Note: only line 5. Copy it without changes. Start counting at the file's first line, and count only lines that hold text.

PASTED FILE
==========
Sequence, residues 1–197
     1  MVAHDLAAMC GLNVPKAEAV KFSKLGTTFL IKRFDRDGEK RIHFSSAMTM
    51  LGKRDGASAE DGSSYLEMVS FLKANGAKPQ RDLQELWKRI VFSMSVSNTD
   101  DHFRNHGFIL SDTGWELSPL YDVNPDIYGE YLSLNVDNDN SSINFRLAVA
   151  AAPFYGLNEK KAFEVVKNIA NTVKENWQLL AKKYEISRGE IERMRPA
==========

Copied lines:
   151  AAPFYGLNEK KAFEVVKNIA NTVKENWQLL AKKYEISRGE IERMRPA